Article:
With a focus on growing our global investment management leadership footprint, we headed distribution and investment staff across our boutiques. On a trailing 12-month basis, pretax margin of 21.1% was down slightly from fourth quarter at 21.4%.

On a full year basis, we would expect pretax margin expansion in 2012 driven by higher profits from performance fees in the second half of the year.

Unaffiliated net cash flows for the quarter were $3.3 billion, driven by positive flows into our variety of asset classes, including currency, real estate, stable value and equities.

We see rising client interest in awarding new mandates for capabilities from our multiple boutiques. In first quarter 2012, new mandates awarded totaled $3.8 billion.

Pipelines continue to build and the representative offices in The Netherlands and Dubai are now staffed and operational, giving us continued optimism for the remainder of 2012.

Moving to Principal International, operating earnings at $42 million include a one-time loss from the regulatory change impacting Mexican AFORE assigned lives, which was partially offset by delayed expenses in our Latin American operations.

Assets under management were $59 billion at quarter end, up 22% from a year ago, primarily driven by strong net customer cash flow and a strategic acquisition.

Current quarter record net cash flow of $2.3 billion were driven by a 24% increase in Brazil prev deposits over last year and positive flows in Asia. While the underlying growth of the companies on a local basis remain strong, so far in the second quarter, we're facing headwinds from foreign currency exchange rates and slowing inflation.

As a reminder, our financial supplement now includes foreign exchange rate information used for financial reporting to help you better analyze the impact of exchange rates on Principal International.

In April, we closed on the Claritas acquisition and approximately $2.5 million of after-tax transaction costs will impact second quarter Principal International results. The acquisition is expected to be EPS-neutral in 2012 and accretive thereafter.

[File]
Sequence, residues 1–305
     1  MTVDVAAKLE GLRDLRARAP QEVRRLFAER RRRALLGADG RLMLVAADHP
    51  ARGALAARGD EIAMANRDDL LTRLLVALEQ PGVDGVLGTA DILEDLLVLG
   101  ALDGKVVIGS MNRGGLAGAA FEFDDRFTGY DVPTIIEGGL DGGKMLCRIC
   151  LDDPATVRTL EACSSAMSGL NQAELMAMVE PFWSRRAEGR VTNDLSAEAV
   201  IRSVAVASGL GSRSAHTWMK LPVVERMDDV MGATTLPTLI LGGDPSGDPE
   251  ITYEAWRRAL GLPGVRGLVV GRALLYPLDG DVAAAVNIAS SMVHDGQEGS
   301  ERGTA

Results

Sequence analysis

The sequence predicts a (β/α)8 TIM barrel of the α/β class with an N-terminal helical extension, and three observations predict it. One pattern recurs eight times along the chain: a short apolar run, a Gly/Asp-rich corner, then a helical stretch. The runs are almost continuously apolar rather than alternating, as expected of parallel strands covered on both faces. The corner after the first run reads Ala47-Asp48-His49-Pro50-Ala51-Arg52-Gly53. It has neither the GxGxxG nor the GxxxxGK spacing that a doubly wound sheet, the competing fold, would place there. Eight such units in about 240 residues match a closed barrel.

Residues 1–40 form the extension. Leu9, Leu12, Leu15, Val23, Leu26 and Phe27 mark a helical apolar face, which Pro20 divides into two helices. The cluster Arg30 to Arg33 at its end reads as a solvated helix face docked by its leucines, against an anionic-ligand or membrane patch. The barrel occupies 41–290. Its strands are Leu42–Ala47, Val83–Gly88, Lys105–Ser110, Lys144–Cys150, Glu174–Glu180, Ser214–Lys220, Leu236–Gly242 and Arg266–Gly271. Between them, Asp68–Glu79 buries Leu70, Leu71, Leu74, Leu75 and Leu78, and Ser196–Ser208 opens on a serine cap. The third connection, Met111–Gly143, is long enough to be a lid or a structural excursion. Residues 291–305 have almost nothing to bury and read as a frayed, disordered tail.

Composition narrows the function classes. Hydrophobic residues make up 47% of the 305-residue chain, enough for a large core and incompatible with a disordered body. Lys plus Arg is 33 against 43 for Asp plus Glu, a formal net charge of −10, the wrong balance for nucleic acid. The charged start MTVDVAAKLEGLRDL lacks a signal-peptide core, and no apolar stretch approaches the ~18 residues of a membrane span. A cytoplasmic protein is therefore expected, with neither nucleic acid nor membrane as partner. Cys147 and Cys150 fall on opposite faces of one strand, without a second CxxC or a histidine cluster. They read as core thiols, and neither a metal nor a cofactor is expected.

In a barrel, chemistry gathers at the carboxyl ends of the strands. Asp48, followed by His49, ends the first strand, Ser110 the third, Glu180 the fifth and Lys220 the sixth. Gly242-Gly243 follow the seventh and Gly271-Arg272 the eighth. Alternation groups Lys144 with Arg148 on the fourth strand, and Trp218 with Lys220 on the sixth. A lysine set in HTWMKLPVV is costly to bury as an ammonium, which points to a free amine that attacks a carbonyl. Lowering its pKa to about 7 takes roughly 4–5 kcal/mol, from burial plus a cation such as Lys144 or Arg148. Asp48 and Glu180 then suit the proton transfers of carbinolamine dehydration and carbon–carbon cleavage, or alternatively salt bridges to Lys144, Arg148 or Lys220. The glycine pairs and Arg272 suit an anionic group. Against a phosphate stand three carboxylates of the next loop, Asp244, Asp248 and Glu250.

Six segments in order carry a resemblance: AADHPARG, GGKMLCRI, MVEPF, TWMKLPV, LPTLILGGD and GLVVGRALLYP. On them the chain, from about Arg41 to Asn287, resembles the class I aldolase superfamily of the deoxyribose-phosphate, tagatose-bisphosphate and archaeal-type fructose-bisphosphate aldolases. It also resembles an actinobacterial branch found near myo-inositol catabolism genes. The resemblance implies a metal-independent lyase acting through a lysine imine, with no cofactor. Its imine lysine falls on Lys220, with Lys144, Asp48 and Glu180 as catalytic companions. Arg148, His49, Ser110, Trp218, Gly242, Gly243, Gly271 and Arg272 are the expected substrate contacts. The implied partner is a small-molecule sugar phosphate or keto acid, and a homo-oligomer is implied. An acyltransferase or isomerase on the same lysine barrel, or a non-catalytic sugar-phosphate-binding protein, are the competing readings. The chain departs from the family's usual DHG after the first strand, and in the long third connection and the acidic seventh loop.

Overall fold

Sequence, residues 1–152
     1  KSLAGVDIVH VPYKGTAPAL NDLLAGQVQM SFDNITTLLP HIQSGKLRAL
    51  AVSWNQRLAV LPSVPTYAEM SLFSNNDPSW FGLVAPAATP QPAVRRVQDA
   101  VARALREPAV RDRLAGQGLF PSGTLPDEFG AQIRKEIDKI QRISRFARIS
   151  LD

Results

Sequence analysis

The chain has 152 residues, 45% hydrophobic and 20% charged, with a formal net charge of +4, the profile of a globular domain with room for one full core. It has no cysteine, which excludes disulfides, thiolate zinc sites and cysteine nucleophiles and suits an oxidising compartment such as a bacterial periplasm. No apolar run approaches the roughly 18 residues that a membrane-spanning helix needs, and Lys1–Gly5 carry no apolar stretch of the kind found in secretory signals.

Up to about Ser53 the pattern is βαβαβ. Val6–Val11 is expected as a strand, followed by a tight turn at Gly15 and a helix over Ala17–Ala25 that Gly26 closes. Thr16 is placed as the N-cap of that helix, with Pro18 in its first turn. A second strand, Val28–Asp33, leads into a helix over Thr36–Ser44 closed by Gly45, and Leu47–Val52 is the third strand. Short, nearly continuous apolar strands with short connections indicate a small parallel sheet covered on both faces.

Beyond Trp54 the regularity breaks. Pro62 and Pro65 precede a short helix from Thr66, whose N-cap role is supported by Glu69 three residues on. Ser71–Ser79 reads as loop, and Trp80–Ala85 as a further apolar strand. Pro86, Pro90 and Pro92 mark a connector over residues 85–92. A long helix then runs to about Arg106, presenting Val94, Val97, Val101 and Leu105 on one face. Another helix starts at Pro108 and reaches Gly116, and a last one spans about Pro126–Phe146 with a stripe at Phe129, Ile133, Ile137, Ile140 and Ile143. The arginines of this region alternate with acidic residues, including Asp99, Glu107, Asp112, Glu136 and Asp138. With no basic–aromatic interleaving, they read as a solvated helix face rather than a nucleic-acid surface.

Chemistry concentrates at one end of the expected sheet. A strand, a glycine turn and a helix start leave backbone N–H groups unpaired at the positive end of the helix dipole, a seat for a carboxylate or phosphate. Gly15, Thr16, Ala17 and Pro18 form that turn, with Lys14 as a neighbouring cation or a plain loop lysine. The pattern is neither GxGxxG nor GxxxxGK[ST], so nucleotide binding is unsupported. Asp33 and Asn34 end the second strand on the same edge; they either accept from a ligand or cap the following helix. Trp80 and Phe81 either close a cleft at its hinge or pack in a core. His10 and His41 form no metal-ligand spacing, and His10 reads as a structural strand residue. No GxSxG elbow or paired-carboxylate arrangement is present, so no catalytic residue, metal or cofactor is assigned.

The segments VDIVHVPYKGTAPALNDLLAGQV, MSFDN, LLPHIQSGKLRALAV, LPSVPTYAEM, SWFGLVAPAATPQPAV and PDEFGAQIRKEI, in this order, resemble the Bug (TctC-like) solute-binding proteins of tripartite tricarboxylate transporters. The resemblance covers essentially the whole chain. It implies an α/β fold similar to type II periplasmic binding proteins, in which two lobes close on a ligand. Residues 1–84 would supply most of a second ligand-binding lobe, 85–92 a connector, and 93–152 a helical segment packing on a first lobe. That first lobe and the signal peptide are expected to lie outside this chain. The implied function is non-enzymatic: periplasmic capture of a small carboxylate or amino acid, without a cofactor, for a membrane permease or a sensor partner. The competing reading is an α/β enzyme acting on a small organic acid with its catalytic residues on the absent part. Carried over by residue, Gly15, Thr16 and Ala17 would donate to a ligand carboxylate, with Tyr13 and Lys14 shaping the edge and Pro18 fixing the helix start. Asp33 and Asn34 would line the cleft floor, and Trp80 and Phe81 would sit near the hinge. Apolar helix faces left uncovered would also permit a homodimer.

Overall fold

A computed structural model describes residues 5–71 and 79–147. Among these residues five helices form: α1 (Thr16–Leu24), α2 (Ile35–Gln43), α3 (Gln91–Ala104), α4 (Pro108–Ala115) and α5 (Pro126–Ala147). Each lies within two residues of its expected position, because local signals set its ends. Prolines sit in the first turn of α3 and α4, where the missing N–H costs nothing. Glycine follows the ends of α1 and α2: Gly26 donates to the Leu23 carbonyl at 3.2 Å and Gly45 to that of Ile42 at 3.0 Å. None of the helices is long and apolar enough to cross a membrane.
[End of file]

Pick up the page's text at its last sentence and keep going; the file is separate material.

Individual Life first quarter operating earnings were $32 million. During the quarter, we changed our method of accounting for reinsurance contracts, and this change was included in our recast results released on April 10. Under the new method, we will recognize reinsurance recoveries as they are received, which creates better alignment between accounting and economic results.

Additionally, according to prescribed accounting practices, we changed the amortization basis for certain Individual Life policies. This change impacted several income statement line items that netted to a $3 million benefit for first quarter earnings. These accounting changes will result in a more intuitive earnings pattern for Individual Life. We believe the run rate for Individual Life operating earnings is approximately $30 million per quarter with variability in any one quarter.

Turning to Specialty Benefits, first quarter operating earnings were $19 million, down $4 million from a year-ago quarter, primarily due to stronger-than-normal investment performance in 2011. The decline in sequential earnings was due to normal seasonality and dental claims. We continue to experience stable loss ratios.

Although first quarter sales were down from our record results in 2011, retention results were strong and premium and fees grew 5% from a year-ago quarter. Continued recovery in employment and salary trends were the main drivers of that results.

The Corporate segment reported an operating loss of $39 million, driven by higher tax and legal expenses. Going forward, due to higher ongoing regulatory expense, we expect quarterly operating losses for the Corporate segment of $30 million to $35 million in 2012.

For the quarter, total company net income was $202 million, an increase of 11% over a year-ago quarter. A key contributor to the improvement in net income was a continued reduction in after-tax credit-related losses to $26 million. Our investment-related losses continue to be in line or better than our loss projections and better-than-market expectations, reflecting sustainable recovery in commercial real estate. This improvement has given us additional financial flexibility.

Moving to our balance sheet, our net unrealized capital gains position of $1.9 billion increased $300 million from fourth quarter 2011, predominantly due to tighter credit spreads.